By Karis Kazuko Taylor
I work at an outdoor science school. 5th and 6th graders from the Los Angelus area come to the mountains of the San Bernardino National Forest and it is my job to teach them about photosynthesis, the water cycle, and astronomy. During the early fall months and late spring, astronomy is taught while the sky is still a dusky blue and constellations are mentioned in theory. However, in the wintertime the children step outside of their cabins for evening classes and are greeted by a host of “fire-folk sitting in the air” (poet Gerard Manley Hopkins’ wondrous way of describing stars).
Before I start my astronomy class I always have them lie down on their backs and look, unmoving and silent, up at the stars. For some of them, this is the first time they have seen a night sky unpolluted by city lights.
During the daylight hours we have all kinds of fun exploring the forest: unearthing bugs, hugging trees, etc. I am actively trying to get these children to engage with their environment; I am mediator between small-human and Nature. But in the darkness, when my students are taking-in this canopy of “old light”—I explain to them that the light from the nearest star traveled about four years to get to our eyes here on earth and, that some starlight has journeyed billions of years to reach our retinas, hence the expression, “old light.” Then there is a moment when it is just them, and something more.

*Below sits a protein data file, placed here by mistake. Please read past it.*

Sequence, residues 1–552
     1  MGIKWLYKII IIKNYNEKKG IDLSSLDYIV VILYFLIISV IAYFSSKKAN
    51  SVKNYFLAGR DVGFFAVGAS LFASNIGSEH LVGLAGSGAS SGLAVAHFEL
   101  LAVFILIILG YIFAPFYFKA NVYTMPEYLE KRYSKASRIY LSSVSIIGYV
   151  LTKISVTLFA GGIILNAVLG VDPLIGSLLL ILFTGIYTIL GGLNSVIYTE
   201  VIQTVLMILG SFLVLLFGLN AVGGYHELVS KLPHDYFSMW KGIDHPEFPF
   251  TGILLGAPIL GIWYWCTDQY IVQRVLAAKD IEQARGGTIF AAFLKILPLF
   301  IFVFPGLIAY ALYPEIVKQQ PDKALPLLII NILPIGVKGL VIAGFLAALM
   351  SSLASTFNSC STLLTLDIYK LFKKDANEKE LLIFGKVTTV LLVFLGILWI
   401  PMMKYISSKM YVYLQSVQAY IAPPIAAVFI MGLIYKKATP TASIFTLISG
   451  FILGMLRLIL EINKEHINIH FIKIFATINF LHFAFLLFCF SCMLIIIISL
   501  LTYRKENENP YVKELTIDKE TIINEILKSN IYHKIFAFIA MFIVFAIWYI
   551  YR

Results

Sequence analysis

That “something more” is something that I do not try to define for them. The impulse to define and dictate the wonders of this strange world so often lead us to push our conclusions upon others, especially children. I try to avoid that. I would rather them feel the mysteries of existence on the skin of their face. I want it to flood their eyes from a billion light years away.
I look at the stars too, during those few moments of quiet and beauty. No one defines or dictates to me either, and I find myself in awe all over again at the time and distance that it took for old light to reach us in this moment. I feel myself small and fragile, and yet somehow miraculously alive and a part of something more than what I can fathom. This world with its beauty and brokenness is not easily explained. I have stopped looking for an explanation. Instead, I am keeping my eyes open for lights in the darkness, and my soul open to something more.